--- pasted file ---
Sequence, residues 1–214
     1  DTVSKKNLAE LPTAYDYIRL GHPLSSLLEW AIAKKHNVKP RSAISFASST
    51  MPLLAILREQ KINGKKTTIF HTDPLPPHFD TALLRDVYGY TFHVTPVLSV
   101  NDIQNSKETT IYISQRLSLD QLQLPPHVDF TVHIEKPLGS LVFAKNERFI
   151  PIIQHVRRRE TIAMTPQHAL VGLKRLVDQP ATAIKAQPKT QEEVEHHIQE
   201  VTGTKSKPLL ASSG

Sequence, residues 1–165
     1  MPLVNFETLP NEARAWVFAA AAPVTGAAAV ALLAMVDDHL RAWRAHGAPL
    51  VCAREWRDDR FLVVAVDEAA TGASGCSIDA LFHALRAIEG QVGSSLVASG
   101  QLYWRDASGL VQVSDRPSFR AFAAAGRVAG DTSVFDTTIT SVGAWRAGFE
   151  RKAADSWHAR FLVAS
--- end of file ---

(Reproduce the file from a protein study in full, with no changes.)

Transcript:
Sequence, residues 1–214
     1  DTVSKKNLAE LPTAYDYIRL GHPLSSLLEW AIAKKHNVKP RSAISFASST
    51  MPLLAILREQ KINGKKTTIF HTDPLPPHFD TALLRDVYGY TFHVTPVLSV
   101  NDIQNSKETT IYISQRLSLD QLQLPPHVDF TVHIEKPLGS LVFAKNERFI
   151  PIIQHVRRRE TIAMTPQHAL VGLKRLVDQP ATAIKAQPKT QEEVEHHIQE
   201  VTGTKSKPLL ASSG

Sequence, residues 1–165
     1  MPLVNFETLP NEARAWVFAA AAPVTGAAAV ALLAMVDDHL RAWRAHGAPL
    51  VCAREWRDDR FLVVAVDEAA TGASGCSIDA LFHALRAIEG QVGSSLVASG
   101  QLYWRDASGL VQVSDRPSFR AFAAAGRVAG DTSVFDTTIT SVGAWRAGFE
   151  RKAADSWHAR FLVAS